Baby boomers have received a lot of attention in the media lately. Tom Brokaw narrated a TV show called "BOOMER$" that aired on CNBC recently. It celebrated a generation of 78 million, many of them former hippies who experimented with drugs and expected to change the world.
The world did change a lot since the 1960s -- thank goodness. We grew up and became conspicuous consumers. Some footage from Woodstock 1969 and the subsequent Woodstock 2009 contrasted in sharp relief the attendees at the two festivals. Boomers have gotten older, paunchier and, by the looks of the concession stands at the more recent festival, organized.
Like the TV show, a new study also indulges in some navel gazing. Called "The MetLife Study of Boomers in the Middle," the study focuses on the demographic segment of boomers born between 1952 and 1958. According to the study, middle boomers put more emphasis on family (67 percent), personal well-being and wellness (66 percent), financial security (64 percent) and finding meaning and purpose in their lives (48 percent). The two key historical events that most affected boomers were the Vietnam War and the assassination of President John F. Kennedy.
OK, enough of the ancillary findings. Let's get down to brass tacks. Near as I can tell, the purpose of the MetLife study was not so much to understand the psychological makeup of middle boomers but to determine how many retirement and financial products they own (six, on average) and how insurance and financial companies can market their products to them.
The upshot: Boomers are great candidates for long-term care insurance. Why? Providing care for their own living parents will sensitize them "about the issues and challenges of elder care, many of whom will not want to have this be part of the legacy they leave to their own children."
About 18 percent of middle boomers spend more than 20 hours a week providing care to their parents, while another 14 percent devote 10 hours a week to care giving.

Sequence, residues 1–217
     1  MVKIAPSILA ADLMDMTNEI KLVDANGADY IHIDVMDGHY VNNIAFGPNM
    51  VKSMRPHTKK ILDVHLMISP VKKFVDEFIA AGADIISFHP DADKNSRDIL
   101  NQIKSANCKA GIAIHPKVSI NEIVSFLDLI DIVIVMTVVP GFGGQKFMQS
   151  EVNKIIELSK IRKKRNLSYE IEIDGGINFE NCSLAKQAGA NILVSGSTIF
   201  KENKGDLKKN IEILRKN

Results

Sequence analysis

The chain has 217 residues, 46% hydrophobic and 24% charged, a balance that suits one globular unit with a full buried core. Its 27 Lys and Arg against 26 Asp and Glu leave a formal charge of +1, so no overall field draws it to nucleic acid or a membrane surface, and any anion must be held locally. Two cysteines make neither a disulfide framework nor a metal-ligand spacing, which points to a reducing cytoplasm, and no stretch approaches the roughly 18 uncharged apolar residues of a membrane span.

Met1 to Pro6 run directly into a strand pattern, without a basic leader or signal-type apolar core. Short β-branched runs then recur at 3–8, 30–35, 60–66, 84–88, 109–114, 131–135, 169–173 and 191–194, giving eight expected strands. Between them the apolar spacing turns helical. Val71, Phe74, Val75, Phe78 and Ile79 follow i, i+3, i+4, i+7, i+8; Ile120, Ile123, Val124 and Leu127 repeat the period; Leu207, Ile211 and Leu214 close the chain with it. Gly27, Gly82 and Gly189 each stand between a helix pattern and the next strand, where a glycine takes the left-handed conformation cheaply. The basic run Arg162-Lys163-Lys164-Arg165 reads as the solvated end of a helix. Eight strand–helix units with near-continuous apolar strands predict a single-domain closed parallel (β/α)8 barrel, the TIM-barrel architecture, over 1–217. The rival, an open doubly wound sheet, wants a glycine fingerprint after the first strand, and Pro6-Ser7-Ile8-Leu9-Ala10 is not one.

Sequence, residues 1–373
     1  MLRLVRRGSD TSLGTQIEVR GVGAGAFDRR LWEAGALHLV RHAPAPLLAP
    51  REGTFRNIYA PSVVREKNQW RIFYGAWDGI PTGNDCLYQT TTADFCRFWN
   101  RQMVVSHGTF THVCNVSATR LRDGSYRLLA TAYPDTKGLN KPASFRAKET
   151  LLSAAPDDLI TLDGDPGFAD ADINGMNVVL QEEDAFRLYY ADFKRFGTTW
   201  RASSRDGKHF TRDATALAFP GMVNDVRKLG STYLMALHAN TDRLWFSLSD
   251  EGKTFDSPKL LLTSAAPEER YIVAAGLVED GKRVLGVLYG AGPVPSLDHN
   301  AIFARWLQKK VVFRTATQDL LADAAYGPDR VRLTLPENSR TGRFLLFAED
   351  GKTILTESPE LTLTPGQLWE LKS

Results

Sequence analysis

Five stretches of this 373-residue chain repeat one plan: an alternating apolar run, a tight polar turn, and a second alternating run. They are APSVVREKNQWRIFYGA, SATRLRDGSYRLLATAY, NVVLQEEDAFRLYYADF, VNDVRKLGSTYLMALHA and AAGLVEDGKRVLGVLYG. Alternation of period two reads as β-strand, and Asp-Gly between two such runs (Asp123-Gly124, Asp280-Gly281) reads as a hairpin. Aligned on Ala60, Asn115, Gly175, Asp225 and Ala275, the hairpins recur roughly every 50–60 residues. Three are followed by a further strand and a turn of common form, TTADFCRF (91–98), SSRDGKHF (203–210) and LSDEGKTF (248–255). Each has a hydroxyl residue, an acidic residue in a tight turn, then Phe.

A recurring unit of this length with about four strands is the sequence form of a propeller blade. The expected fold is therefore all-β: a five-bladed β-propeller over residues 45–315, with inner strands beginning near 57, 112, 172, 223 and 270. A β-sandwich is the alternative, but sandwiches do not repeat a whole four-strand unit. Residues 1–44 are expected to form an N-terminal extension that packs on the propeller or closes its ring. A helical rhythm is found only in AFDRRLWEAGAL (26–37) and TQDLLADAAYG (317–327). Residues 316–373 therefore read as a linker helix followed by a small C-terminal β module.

Another important finding: About 21 percent of middle boomers have received an inheritance from their parents' estate, averaging $120,000. One-third of boomers expect to get $181,000 on average. "Together this amounts to almost $2.6 trillion in wealth transfer between middle boomers and their parents," according to the study. "This anticipated wealth can have a significant impact on the financial security of these boomers and their families if used wisely to ensure both a secure source of retirement income and funding for long-term care needs. It can also potentially help address the middle boomers' biggest concern about their own retirement -- being able to afford health care coverage."
On the Senior Living blog at About.com, one writer commented that Tom Brokaw's "BOOMER$" program "completely missed the 30 million of us who are caring for our greatest generation parents. In the past there were multi-generational households for sure, but in today's economy and with the health insurance options as they are, boomers are quitting jobs and merging households in order to spare their parents the death sentence of a state-run facility. The economic and emotional impact of these choices is hard to fathom."
That writer seems a prime candidate for long-term care insurance.